Why climate change poses an ‘existential threat to humanity’: A conversation with Dr. Samantha Green
Climate change has been deemed the greatest health threat of the 21st century by both The World Health Organization and The Lancet, and examples are increasingly easy to find, from wildfires raging in California, to a devastating heat wave in British Columbia.
Ahead of Earth Day, we spoke with Dr. Samantha Green, Unity Health family physician and the Faculty Lead in climate change and health at the University of Toronto’s Department of Family and Community Medicine, about the numerous ways climate change affects our personal health, how healthcare providers and patients can tackle the problem, and why there are still reasons to be hopeful.
Q: To start, for those who are not aware, can you describe some of the ways climate change can impact health?
Dr. Green: The increase in global temperatures has led to an increase in extreme weather events, such as heat waves, storms, droughts, wildfires, and flooding. Extreme heat days are especially a health threat to people with chronic conditions, the elderly, and young children, as well as those most at risk of exposure, such as people experiencing homelessness and those without access to air conditioning. We saw what happened last year in B.C. with the unprecedented heat dome event that killed more than 700 people.
Toronto Public Health has estimated that in the early 2000s about 120 people died every year in Toronto from the heat, and we know that that number is increasing over time, with extreme heat days projected to double by 2040-2050. Extreme heat waves also set the conditions for an increase in wildfires, which exacerbate respiratory conditions, heart disease, and can even lead to poor diabetes control and poor pregnancy outcomes. Climate change has also led to more extreme storms and hurricanes, which can lead to flooding and water-borne diseases.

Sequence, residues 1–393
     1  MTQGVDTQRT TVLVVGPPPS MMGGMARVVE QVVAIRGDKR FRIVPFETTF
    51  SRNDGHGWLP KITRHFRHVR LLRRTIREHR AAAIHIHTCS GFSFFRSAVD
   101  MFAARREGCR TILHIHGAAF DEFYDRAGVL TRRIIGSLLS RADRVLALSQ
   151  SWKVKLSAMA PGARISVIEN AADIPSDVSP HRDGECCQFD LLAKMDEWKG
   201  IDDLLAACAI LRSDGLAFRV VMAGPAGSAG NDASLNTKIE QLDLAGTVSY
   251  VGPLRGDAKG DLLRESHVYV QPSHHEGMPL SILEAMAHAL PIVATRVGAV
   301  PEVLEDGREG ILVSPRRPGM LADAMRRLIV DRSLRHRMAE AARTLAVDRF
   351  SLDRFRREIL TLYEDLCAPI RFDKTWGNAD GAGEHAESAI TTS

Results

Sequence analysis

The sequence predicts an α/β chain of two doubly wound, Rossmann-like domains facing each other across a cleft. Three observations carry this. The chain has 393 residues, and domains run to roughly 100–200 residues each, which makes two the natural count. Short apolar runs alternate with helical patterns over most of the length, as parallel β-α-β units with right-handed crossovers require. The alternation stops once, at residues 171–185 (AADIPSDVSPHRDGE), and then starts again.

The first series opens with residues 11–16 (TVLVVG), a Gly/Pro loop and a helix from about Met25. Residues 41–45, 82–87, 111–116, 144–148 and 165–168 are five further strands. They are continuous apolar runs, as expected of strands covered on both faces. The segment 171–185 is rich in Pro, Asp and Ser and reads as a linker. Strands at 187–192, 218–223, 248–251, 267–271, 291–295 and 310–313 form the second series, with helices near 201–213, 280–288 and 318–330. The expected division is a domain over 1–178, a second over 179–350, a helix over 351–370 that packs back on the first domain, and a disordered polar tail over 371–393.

These extreme weather events can result in direct physical injury, and also displacement, as people flee their homes and communities to find safety. This is happening across the Global South, but also here in Canada. We saw this in Lytton, B.C., with the wildfires last summer – a whole community destroyed. And when people are displaced they experience an interruption in access to basic services, as well as poor mental health. Extreme weather is also affecting food security, as droughts decrease crop yields in Canada and around the world.
And while there is no known direct link between climate change and COVID-19, we know that climate change has resulted in the destruction of biodiversity and wildlife, which leads to humans having increased proximity to animals and other vectors of disease. Certainly climate change will be a driver of a future pandemic.
Q: The alarm bells have been ringing about climate change for years. Why do you think society has been generally slow to respond, especially when you compare it to how quickly we moved to address COVID-19?
Dr. Green: That’s a complex question and I think there are a few answers. One is that while the alarms have been ringing for years about climate change, they have not historically rung loudly enough. Part of that is a framing issue. Historically climate change has been framed as a polar bear problem and not a people problem, but it is clearly a people problem. It’s an existential threat to humanity, and we need to frame it that way. It is the number one health threat that we are experiencing, that we will experience in the coming decades, and we need to think about it that way and treat it that way.